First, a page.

In 1988 Tate Liverpool
opened with a memorable display of Mark Rothkos The Seagram Murals. Over 20 years later the series will make a welcome return to the gallery. From 2 October 2009 21 March 2010 Tate Liverpools ground floor gallery will be transformed into an emotive display of these nine significant paintings the walls will be painted grey according to Rothkos specifications and atmospheric lighting will enhance the dramatic qualities of the works. This display is presented in conjunction with the Tate Collection display DLA Piper Series: This is Sculpture.
In 1958 Mark Rothko was commissioned to paint a series of paintings for the Four Seasons restaurant, in the Seagram Building in New York. Having devoted himself almost exclusively to the commission for eight months, he decided that the fashionable restaurant was an unsuitable place for the contemplation of his art, and the pictures were never installed. Working in his studio, Rothko matched the exact dimensions of the restaurant with a specially constructed scaffold. He painted three different versions of the series, refining his approach each time the works presented at Tate Liverpool are from the second and third. The Seagram Murals were a significant departure for Rothko. His atmospheric compositions of stacked, floating rectangles were abandoned for a more severe architectural scheme. As the series progressed, his colors shifted from bright and intense hues to a selection of maroon, dark red and black.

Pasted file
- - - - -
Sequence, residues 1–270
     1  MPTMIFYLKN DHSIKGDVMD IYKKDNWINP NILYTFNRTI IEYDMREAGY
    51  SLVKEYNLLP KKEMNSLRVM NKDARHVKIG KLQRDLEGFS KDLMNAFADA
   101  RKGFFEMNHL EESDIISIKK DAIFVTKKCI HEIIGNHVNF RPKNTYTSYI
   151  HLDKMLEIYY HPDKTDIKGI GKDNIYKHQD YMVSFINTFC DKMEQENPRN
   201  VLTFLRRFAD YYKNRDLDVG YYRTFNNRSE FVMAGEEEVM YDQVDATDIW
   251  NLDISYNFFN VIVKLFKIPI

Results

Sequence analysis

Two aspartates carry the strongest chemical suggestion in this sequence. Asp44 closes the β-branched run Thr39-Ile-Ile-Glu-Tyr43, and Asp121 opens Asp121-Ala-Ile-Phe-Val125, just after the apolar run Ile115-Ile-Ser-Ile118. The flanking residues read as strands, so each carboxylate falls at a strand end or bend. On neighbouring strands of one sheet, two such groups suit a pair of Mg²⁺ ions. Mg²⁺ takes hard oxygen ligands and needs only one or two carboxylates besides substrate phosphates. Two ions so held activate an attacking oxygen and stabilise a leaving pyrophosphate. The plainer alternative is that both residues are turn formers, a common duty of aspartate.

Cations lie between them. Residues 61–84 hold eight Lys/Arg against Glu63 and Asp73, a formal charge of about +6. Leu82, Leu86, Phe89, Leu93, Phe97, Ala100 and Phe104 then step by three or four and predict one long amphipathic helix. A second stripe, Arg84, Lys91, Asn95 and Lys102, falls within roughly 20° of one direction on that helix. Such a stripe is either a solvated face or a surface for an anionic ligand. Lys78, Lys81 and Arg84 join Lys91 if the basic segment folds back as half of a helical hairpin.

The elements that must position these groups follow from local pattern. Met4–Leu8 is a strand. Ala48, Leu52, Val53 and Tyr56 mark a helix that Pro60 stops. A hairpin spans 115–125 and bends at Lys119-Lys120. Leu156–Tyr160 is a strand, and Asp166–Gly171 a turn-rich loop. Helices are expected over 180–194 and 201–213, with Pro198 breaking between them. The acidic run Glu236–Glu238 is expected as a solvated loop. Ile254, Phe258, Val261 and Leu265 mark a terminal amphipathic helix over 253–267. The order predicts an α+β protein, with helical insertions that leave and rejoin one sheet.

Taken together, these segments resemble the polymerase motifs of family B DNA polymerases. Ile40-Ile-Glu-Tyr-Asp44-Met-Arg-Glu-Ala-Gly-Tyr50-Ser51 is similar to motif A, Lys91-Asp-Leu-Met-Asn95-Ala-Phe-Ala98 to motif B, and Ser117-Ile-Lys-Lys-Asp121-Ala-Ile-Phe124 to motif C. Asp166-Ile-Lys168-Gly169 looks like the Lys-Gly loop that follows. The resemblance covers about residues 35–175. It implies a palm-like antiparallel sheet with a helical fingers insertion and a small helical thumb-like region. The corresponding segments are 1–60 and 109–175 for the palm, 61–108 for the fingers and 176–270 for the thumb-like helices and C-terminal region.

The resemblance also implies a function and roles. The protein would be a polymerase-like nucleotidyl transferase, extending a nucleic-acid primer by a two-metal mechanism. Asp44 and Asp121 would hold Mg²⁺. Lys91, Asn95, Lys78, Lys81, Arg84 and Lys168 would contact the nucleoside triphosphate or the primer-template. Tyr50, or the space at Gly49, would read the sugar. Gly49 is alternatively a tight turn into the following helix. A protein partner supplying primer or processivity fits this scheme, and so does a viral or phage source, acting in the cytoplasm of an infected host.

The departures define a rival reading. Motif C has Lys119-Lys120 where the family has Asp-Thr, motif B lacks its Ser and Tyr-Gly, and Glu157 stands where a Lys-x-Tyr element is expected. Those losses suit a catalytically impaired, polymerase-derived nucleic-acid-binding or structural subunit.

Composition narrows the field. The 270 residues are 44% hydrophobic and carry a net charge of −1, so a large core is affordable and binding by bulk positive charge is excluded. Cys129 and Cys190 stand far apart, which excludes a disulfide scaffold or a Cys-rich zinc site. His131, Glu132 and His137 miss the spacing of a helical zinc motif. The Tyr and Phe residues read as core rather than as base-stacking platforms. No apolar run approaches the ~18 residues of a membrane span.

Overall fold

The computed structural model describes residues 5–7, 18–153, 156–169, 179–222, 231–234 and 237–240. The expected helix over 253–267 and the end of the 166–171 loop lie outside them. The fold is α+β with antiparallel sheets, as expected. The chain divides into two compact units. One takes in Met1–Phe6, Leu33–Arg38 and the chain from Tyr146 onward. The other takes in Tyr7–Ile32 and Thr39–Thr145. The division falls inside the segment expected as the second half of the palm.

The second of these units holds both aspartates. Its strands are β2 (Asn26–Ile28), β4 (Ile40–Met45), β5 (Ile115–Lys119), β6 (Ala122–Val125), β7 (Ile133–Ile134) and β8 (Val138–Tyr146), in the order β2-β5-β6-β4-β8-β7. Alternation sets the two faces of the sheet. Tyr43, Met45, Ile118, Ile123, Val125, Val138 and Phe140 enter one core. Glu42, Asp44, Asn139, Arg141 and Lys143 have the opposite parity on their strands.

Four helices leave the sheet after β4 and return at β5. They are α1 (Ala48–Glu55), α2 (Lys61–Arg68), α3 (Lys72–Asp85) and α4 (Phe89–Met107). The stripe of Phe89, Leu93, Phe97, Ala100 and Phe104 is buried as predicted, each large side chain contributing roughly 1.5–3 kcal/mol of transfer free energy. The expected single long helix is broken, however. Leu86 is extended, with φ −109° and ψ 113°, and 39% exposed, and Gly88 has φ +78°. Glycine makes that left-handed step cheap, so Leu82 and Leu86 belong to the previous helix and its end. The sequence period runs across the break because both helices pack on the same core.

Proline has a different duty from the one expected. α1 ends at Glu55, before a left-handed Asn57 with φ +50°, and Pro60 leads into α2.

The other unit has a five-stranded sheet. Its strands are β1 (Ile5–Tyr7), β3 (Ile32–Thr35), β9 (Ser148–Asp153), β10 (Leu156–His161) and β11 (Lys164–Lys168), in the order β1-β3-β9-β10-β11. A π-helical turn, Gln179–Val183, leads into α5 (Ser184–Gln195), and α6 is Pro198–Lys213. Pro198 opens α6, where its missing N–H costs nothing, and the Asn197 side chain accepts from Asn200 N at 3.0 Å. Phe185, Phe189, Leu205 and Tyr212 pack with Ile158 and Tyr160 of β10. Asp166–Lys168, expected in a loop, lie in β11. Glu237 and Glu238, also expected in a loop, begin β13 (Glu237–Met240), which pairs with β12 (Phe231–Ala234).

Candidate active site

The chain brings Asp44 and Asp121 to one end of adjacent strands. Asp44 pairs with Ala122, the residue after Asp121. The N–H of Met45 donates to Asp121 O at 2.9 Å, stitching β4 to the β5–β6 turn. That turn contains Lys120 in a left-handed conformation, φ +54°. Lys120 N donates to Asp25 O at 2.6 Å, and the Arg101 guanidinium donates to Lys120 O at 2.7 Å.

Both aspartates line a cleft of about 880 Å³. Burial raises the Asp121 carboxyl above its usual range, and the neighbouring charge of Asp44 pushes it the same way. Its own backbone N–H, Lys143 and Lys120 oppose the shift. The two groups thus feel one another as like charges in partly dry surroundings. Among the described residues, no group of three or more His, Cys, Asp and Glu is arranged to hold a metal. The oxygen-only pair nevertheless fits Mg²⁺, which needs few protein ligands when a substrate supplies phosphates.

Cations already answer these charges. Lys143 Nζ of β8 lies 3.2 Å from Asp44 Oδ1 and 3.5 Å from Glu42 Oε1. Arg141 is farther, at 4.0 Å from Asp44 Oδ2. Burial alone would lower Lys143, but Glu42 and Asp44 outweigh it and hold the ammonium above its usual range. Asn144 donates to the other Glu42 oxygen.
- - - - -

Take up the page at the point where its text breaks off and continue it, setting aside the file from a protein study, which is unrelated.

In making these paintings Rothko was influenced by the somber murals of Pompeii and, in particular, by Michelangelos Laurentian Library in Florence, with its blind windows and deliberately oppressive atmosphere, both of which he visited on a trip to Italy in the summer of 1959. Rothko commented that Michelangelo achieved just the kind of feeling Im after he makes the viewers feel that they are trapped in a room where all the doors and windows are bricked up.
The artist presented the paintings to the Tate Gallery in 1968 and 1969, expressing his deep affection for England and for British artists, especially JMW Turner. The original display at the Tate was conceived in collaboration with the artist, resulting in the powerful and concentrated environment that he always envisioned for these paintings. Perceived, as the artist intended, in reduced light and in a compact space, the subtlety of the layered surfaces slowly emerges, revealing the solemn and meditative character of the works.
Mark Rothko (1903 - 1970) was born in Dvinsk, Russia (now Daugavpils, Latvia). He emigrated to the USA in 1913, and from 1925 lived and worked in New York.